Pumped Hydro – The Big Battery Solution
This century-old technology could be the key to unlocking America’s renewable energy future; Pumped storage hydro once propped up coal and nuclear power. Now it's essential for a clean, growing grid.
James Dinneen April 14, 2021 (Popular Science)
“…To guarantee a smooth, carbon-free supply of electricity despite [wind and solar] variability, the grid requires enormous amounts of energy storage, and projections indicate that the region needs up to 10,000 megawatts of backup reserves to meet 100-percent renewable power goals…[Pumped hydro storage] could help make up some of that looming storage deficit…[P]umped storage hydro taps surplus energy from the grid to push water from a lower reservoir up to a higher one. When utilities need the power back, flows are released through a hydroelectric turbine, generating electricity.
Some designs use a natural water body for one or both of the reservoirs (called “open loop”), while others circulate water between a pair of standalone reservoirs (called “closed loop”)…Existing pumped storage hydro accounts for about 95 percent of America’s 23,200 megawatts of energy storage capacity. But as power consumption and blackouts escalate, more such projects, big and small, will be needed…Lithium-ion batteries coming online all around the country rarely supply more than 100 megawatts of electricity for more than four hours…Pumped storage hydro systems are only limited by the size of the reservoir…. [A coalition of hydroelectric energy companies and environmentalists agree on] closed-loop designs and the possibility of retrofitting existing dams…[There also may be] interest in smaller (think less than a gigawatt) projects…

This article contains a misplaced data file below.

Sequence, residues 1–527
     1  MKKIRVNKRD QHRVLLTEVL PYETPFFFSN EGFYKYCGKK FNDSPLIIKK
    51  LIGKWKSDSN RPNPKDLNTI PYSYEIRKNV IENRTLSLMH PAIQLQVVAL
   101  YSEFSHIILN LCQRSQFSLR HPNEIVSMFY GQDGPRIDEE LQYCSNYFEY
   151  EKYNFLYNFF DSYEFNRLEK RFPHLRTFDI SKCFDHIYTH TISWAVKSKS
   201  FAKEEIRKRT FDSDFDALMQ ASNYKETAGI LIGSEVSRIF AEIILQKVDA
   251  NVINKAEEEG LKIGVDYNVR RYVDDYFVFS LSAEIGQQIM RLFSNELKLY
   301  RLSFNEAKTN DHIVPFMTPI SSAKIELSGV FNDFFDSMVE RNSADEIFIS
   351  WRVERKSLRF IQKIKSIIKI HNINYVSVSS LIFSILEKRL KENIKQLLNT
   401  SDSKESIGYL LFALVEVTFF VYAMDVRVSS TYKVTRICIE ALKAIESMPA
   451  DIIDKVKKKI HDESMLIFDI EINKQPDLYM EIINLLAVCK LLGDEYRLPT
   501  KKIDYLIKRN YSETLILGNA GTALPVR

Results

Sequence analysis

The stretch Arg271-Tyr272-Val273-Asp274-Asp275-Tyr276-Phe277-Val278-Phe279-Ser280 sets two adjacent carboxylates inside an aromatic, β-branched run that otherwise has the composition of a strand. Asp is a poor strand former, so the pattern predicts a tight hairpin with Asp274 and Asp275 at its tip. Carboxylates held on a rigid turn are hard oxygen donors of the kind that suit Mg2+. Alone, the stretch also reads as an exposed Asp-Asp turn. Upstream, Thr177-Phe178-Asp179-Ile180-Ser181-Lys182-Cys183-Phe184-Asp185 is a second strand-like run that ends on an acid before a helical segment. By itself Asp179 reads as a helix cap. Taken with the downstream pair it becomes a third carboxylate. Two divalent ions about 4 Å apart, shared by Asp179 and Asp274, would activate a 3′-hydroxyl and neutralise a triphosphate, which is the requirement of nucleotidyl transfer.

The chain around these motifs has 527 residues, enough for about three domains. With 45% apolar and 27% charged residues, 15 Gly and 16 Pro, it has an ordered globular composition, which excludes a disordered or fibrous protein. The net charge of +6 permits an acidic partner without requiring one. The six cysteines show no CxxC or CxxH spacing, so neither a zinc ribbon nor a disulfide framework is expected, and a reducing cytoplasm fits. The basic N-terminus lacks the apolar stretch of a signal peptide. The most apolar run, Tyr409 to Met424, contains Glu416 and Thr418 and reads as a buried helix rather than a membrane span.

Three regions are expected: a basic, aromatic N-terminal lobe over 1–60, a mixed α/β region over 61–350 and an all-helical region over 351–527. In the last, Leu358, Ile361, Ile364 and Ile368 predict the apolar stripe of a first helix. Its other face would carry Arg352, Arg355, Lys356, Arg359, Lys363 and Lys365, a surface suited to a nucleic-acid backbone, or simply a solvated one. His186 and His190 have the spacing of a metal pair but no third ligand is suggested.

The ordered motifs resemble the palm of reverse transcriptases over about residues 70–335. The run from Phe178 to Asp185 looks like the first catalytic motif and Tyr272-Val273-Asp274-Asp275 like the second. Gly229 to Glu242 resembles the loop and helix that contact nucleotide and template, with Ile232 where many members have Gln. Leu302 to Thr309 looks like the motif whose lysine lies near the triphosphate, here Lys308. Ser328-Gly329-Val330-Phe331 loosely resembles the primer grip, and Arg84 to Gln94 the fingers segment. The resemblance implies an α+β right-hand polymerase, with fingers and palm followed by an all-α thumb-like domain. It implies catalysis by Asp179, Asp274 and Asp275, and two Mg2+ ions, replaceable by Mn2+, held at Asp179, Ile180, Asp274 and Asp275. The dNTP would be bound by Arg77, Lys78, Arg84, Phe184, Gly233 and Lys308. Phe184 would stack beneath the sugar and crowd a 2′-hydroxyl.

…[Presently, pumped hydro competes] with increasingly cheap lithium-ion battery storage, which can be installed anywhere and provides the kind of short-duration backup the market currently values…[But] at a certain level of renewable penetration—around 80 percent, depending on the mix of sources—the short-duration storage provided by batteries will be inadequate to support the grid…” click here for more